Tuesday, February 14, 2012

Everyone Wants a Little Love

Happy Valentine’s Day!  (And to my east coast friends reading this tomorrow: Happy Day After Valentine’s Day!).

Robert didn’t come over this past weekend because Hubby and I had a family birthday party to attend out of town.  New Home took Robert and his roommates bowling and kept him so occupied, I didn’t hear from him all weekend.  I did visit on Sunday to stock him up on 7-Up and razors (thankfully, he still has plenty of pens!). 

When I saw him on Sunday, he told me he was able to watch church (yay for the cable install!) and he told me he got the highest score in bowling.  He said the weekend was “excellent.”  Lately, Robert has moved from describing things as “nice” to “excellent” so I’m thinking he’s pretty happy. 

He was in a joking mood and as his older sister I get to tease him a bit, so reminded him Valentine’s Day was in a few days and maybe he’d get a girlfriend at his Day Program.

“I wish I would,” was his all-of-a-sudden very serious response. 

Ouch!  Someone take away my Big Sister card.   I certainly wouldn’t have teased him about having a girlfriend if I had known love was weighing on his mind. 

Robert has known love in his life.  He was with Judy (who also has epilepsy) for more than 20 years and they lived together, took care of each other, loved each other and would have married had it not affected their Social Security benefits.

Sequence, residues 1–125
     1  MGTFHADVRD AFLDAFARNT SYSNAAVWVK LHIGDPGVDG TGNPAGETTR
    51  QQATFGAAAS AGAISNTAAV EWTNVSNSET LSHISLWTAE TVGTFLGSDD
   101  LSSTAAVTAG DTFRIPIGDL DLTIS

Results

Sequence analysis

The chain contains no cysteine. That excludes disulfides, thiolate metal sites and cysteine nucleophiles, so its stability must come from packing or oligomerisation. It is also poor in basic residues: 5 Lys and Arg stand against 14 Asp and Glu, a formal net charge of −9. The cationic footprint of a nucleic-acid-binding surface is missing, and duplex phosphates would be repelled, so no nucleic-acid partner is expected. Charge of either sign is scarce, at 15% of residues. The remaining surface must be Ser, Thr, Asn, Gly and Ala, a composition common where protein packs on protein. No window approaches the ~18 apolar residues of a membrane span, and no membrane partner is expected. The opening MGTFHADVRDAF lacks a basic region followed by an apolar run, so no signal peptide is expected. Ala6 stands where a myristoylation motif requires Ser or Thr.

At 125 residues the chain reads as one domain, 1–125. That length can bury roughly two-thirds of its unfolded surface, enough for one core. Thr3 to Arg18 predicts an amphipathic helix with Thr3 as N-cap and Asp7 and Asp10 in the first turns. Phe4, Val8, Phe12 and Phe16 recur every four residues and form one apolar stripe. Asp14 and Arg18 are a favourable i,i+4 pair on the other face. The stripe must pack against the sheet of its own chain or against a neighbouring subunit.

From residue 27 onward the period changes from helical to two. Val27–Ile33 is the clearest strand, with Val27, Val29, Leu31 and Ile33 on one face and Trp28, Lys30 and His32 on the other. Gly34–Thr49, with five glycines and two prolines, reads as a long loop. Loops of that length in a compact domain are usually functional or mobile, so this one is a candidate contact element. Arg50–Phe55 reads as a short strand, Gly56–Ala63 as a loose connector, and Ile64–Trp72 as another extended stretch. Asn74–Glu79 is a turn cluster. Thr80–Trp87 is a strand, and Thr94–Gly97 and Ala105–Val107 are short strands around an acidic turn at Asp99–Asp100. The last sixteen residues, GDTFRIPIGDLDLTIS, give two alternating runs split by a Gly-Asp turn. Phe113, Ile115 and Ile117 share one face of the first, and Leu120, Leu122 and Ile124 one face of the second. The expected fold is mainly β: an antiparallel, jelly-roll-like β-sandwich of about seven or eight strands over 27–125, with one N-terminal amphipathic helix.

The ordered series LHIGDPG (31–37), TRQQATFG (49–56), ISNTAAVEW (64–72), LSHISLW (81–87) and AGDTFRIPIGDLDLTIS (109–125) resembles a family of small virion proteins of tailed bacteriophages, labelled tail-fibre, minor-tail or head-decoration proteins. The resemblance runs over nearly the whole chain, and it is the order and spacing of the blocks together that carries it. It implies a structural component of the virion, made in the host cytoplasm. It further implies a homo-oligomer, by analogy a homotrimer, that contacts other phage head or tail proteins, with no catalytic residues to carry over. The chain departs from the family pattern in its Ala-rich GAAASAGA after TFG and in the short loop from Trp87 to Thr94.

One of the hardest decisions I’ve made in caring for Robert was separating him from Judy when it became apparent he could no longer safely live independently.  Once I moved Robert to Sacramento from his home 90 miles away, our dad brought Judy to visit.  That only lasted a few months before Judy called Robert to say she didn’t love him anymore and she wouldn’t visit him any longer. 

Robert was deeply hurt.  Robert’s emotions are usually fairly even (he doesn’t get too excited or upset about things) but I suspected he might act out since this was such a huge event.  I explained the situation to the facility he was living in and warned them he might act out but they were still surprised when he did act out by getting angry with another resident and a nurse.   

That was two years ago and Robert still calls Judy on occasion.  They talk briefly but they no longer have the connection they shared for 20+ years. 

Having a girlfriend is important to Robert.  When he moved from his old facility, he was asked what he’d like to have at his new home or his new Day Program.  What he said was, “I’d like to have a girlfriend.” 

Robert is safe and healthy now, he spends most weekends with us so he isn’t without family, and he enjoys his Day Program and has several friends and thinks that events and food are “excellent.”  Robert is one happy guy.  

The only thing missing right now is a little bit of love.  Everyone wants to be loved and to have someone to love and I have faith love will again find Robert.  

I would be delighted to have you share your love stories or your search for love in the comment section!


Unknown said...

This is was a pretty sad story. Poor Robert. I've been married for almost 4 years and I've been with her for almost 10, so it's not all roses and sunshine, but I can understand wanting companionship. Who wants to feel lonely? I wish him the best of luck. There's someone for everyone.

Trish Hughes Kreis said...

Oh, Dennis, I didn't mean to make you sad! Robert will find someone - there's a lid for every pot. :-)